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Rodney Barnes, writer

Jason Shawn Alexander, art

Luis NCT, colors

Marshall Dillon, Letters

Recap

In this issue, Sangster Jr. has to explain to his father why he woke him up from the dead, Abigail and co-conspirator Brittany strategize on ways to defeat the human race, and we learn the interesting backstory of Jupiter – Abigail’s slave. Along the way, we learn about Thomas Jefferson’s connection to slavery, Jupiter’s real name, and Abigail’s true intentions: to make slaves of all. 

This story moves cleanly from sequence to sequence building on the character development that occurred in previous issues.  The vampire attack continues, only with a more strategic approach. The Heroes are backed into a corner, overmatched, and searching for answers. Within this context, interesting personal moments occur like Sangster Jr. and Sr. working together as police officers. By doing so, they  experience something in Sr. ‘s afterlife that they never truly experienced while he was still alive: seeing the fruits of a father’s hard labor. 

Meanwhile, evil continues to grow, and the connections to this country’s treacherous past continue to reveal itself in the form of vampires who seek to subdue all of humanity. But to what end? They have to be careful as destroying humanity means destroying their food source. They settle on disrupting the messengers, first, by killing a popular rap artist. Second, the move to control humanity by attacking Philadelphia’s communications network. The story twist is very appropriate. We have all seen the impact of governmental leaders whose misuse of communication and social media have had a devastating impact on the spread of false information and building on fear-based thinking.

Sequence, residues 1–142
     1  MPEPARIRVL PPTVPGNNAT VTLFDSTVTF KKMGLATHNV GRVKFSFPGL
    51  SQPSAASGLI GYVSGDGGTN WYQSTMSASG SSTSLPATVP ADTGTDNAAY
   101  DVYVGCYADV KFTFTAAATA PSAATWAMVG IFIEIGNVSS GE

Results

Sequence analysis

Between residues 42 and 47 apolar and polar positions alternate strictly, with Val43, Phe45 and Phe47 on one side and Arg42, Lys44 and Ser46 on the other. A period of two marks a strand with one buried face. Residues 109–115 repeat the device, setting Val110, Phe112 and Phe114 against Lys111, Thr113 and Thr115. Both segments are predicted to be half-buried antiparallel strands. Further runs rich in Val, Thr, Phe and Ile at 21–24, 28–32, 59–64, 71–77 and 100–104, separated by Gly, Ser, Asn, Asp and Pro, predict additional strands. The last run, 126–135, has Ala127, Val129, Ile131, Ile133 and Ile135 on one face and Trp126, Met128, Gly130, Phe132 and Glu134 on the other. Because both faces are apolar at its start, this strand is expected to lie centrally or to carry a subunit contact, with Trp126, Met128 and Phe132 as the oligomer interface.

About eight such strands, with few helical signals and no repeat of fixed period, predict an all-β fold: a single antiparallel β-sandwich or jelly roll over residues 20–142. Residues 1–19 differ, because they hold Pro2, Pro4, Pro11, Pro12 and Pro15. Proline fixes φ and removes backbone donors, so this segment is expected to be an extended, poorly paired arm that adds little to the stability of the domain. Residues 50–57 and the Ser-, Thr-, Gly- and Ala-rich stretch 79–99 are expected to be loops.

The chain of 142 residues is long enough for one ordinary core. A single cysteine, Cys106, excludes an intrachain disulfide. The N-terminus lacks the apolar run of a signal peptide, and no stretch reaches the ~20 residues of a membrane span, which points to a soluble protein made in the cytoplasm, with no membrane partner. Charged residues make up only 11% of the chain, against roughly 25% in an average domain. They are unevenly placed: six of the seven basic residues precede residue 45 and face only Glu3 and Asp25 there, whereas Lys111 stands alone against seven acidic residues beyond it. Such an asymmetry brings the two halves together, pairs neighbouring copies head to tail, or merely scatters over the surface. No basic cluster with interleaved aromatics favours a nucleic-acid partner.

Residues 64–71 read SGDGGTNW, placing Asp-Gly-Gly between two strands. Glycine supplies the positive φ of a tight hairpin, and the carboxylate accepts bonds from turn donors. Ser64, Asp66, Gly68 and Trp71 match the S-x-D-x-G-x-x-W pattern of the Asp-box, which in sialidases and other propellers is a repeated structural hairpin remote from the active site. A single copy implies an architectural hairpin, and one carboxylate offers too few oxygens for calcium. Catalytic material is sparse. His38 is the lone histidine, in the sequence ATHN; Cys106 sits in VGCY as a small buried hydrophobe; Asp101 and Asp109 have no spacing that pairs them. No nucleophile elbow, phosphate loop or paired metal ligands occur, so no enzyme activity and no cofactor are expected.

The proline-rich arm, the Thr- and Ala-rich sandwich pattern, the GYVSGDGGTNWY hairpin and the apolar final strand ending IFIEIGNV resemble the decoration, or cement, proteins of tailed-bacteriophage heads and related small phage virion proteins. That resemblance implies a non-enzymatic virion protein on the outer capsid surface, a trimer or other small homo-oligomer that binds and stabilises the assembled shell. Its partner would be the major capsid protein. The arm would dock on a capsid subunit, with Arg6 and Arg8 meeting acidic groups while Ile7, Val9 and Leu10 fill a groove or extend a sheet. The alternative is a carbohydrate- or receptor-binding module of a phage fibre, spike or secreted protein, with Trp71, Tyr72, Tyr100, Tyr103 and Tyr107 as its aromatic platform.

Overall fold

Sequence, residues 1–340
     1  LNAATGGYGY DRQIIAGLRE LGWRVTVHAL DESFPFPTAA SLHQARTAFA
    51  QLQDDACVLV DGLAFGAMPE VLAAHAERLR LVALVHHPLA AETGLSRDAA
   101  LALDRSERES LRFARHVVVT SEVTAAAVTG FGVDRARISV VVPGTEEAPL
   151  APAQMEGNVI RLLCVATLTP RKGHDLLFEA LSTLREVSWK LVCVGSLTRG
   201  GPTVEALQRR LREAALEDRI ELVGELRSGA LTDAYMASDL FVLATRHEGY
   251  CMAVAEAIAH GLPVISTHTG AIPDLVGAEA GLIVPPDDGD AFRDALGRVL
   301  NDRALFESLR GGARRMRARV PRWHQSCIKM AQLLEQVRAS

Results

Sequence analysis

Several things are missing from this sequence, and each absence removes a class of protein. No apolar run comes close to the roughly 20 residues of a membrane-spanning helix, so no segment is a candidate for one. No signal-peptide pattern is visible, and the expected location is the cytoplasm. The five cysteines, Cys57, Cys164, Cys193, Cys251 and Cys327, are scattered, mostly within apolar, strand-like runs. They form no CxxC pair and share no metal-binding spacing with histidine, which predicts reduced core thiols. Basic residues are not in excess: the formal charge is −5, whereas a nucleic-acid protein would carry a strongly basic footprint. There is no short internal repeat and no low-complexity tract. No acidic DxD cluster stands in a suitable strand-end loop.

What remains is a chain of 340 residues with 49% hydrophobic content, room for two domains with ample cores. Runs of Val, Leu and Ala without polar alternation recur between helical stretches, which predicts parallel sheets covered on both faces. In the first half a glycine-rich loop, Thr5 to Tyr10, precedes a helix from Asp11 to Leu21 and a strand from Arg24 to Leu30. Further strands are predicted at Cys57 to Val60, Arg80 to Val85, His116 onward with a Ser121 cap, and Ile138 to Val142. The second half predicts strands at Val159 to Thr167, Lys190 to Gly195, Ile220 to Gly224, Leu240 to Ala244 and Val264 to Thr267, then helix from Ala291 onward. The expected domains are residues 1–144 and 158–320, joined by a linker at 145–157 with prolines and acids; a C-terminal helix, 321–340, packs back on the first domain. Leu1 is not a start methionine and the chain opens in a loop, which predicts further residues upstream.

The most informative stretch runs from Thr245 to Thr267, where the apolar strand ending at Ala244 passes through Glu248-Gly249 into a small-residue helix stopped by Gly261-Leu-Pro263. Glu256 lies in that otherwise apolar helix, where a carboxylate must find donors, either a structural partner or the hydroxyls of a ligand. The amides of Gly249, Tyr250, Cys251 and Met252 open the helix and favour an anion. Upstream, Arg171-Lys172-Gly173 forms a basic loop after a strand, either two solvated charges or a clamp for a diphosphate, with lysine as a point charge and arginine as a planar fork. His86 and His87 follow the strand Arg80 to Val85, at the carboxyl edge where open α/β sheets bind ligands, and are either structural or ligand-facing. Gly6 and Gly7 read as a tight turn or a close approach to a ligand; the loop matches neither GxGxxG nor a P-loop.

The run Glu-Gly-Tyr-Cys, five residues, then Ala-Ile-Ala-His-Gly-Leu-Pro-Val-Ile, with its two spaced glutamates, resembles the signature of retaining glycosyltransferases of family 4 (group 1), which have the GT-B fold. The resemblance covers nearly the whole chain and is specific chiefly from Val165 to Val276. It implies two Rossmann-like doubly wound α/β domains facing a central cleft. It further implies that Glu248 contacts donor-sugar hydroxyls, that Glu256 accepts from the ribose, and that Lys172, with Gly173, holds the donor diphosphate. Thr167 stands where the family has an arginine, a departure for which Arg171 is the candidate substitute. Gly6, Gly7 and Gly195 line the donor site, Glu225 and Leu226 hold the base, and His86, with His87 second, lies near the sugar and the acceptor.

Finally, by revisiting Jupiter’s early childhood friendship with Thomas Jefferson and eventual slave to Abigail we are reminded of the cost this country has endured due to the evil institution of slavery and patriarchal leadership. I can say that the story takes you on the walk and unless you close your eyes you can’t help but feel the pain caused by such diabolical systems. It does this in a show not tell fashion that increases the emotional weight by providing a clearly seen and felt lesson for us to take to heart. I highly recommend this book. Overall 9.5/10

About The Author

I am a licensed clinical social worker and trauma therapist. Comic book heroes have been a passion of mine since I was a small child. However, making the weekly trip to the local comic book store to redeem my pull list has become a regular occurrence only within the past 4 years. Some of my favorite comic properties include the Incredible Hulk, The Flash, Superman and Paper Girls. My criteria for a good book include: take stupid and fun seriously, and stay self aware.

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